Know Your Patient Information And Privacy Rights


In 1996, President Clinton signed into law the Health Insurance Portability and Accountability Act of 1996 (commonly known as “HIPAA”). In a nutshell, HIPAA provides the patient with health information privacy rights which all patients should understand.   As a patient, you have the right to fully exercise the rights provided to you by federal law, ask the provider about your rights and even file a complaint if you believe your rights have been denied or your health information is not being protected.

Under HIPPA, your health information rights include the following:

  • A right to have access to your health information;
  • A right to have an accounting of disclosures of your health information;
  • A right for you to correct or amend your health information;
  • A right receive notice of privacy practices by the provider;
  • A right, if you believe that HIPAA has been violated, to file a complaint.

WHO MUST FOLLOW HIPPA?  In short, HIPPA applies to most doctors, nurses, pharmacies, hospitals, clinics, nursing homes, and many other health care providers, health insurance companies, Health Maintenance Organization (HMOs), and most employer group health plans.

WHAT IS PROTECTED?  The “Privacy Rule” set forth in HIPPA protects all “individually identifiable health information” which includes (1) the patient’s past, present or future physical or mental health; (2) the condition/healthcare provided to the patient; (3) the payment for the provision of healthcare to the individual; and, (4) individually identifiable health information such as name, address, birth date, Social Security Number.

RIGHT TO ACCESS:  Probably the most common HIPPA question is: “Do I have a right to review and get a copy of my own health/patient care record?” Absolutely! HIPAA provides the specific right to all patients to inspect, review, and receive a copy of your health and billing records within the possession and control by both health plans and health care providers.  On a rare occasion, there may be an exception such as your health care provider believes that something in your file could physically endanger you or someone else.  In most cases, however, the health care provider must provide copies to you within 30 days.  This timeframe may be delayed if your health information is not maintained or accessible on-site. In such cases, your health care provider or health plan is permitted up to 60 days to respond to a request for records. If, for whatever reason, the healthcare provider cannot take action by these deadlines, the provider or plan is permitted to extend the deadline by another 30 days if they provide a reason for the delay in writing and inform the patient as to when to expect copies in the future.  Finally, the healthcare provider cannot charge a fee for searching for or retrieving your information, but the patient may be charged a fee to pay for the cost of copying and/or mailing.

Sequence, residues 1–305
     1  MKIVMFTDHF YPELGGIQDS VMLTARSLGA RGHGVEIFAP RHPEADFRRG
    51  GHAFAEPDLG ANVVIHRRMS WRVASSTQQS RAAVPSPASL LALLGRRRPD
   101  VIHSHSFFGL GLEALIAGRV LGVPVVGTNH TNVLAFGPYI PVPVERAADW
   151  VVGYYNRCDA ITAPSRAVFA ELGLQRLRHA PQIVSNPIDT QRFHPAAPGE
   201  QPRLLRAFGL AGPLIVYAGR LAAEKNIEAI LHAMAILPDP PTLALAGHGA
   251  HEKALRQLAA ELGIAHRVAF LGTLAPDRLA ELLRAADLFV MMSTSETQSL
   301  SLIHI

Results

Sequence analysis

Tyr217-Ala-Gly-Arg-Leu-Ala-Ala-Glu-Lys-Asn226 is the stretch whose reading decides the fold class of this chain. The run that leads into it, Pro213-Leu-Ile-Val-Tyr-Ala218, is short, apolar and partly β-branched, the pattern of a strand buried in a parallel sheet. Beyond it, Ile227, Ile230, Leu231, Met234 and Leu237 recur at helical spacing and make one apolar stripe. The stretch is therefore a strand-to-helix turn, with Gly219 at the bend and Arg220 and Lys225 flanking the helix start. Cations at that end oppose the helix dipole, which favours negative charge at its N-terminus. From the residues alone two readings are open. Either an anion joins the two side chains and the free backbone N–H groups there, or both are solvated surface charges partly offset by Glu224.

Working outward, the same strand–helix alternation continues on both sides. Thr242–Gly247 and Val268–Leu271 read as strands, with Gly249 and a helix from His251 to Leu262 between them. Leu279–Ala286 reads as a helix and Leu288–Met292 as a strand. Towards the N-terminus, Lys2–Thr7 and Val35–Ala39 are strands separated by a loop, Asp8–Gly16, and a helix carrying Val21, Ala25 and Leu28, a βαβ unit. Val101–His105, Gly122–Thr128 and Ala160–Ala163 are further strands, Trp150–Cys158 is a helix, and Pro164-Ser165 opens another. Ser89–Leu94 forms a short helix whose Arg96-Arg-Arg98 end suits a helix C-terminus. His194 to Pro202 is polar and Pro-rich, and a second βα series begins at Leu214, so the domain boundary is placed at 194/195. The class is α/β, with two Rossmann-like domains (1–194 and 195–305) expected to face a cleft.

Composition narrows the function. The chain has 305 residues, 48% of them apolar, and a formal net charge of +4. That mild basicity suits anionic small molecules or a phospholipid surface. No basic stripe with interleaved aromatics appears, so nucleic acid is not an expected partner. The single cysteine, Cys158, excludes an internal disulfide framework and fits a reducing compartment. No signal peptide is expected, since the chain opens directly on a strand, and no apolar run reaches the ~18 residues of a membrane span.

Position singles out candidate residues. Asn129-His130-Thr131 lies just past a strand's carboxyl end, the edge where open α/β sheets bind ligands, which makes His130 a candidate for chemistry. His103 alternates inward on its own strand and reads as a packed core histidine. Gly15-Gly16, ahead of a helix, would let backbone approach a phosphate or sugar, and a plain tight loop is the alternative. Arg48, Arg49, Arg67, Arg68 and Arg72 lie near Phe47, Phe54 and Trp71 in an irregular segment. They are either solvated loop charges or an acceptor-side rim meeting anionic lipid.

RIGHT TO ACCOUNTING:  Another common question is: “Does a patient have the right to know when a medical provider has shared health information with people outside of his or her practice?”  Again, absolutely!  A patient has the right to what is referred to as an “accounting of disclosures.”  These disclosures are basically a list of certain instances when your doctor or plan has disclosed/shared your health information with another person or organization. There are, however, some major exceptions to this rule. For example, an accounting of disclosures does not include information about when your health care provider or health plan shares your information with another person or organization for treatment, payment, or health care operations.

RIGHT TO CORRECT: A rarely discussed, but important question is: “Does a patient have to right to correct the information in a health record?” Yes, the patient does have a right to correct the record or note the record. In other words, you may ask your health care provider or your health plan to correct your health record by adding information to it to make it more accurate or complete. This is commonly called the “right to amend.” For example, if a patient and a provider agree that the record wrongly reflects certain information, then the provider has a duty to correct the record.  On the other hand, if a patient and a provider disagree that an amendment or correction is necessary, a patient still has the right to have the “disagreement” noted in the record record. In most cases, the record should be changed within 60 days, but the provider can take an extra 30 days if they provide a reason.

RIGHT TO NOTICE:  Do I have the right to receive a notice that tells me how my health information is being used and shared? Once again, yes.  We have all probably experienced, in one way or another, filling out HIPPA forms when you are a new patient at a health provider.  Well, these forms are maintained to comply with this HIPPA requirement. In other words, a patient can learn how health information is used and shared by the health provider. The provider must give notice that informs the patient how they legally may use and share the health information and how you can exercise your rights.

This blog is provided to provide some of the basics on HIPPA, but for more detailed information, please visit the U.S. Department of Health & Human Services website on the subject at

At Christopher L. Phillips Law Group, we have the experience, knowledge and compassion you need for the results you deserve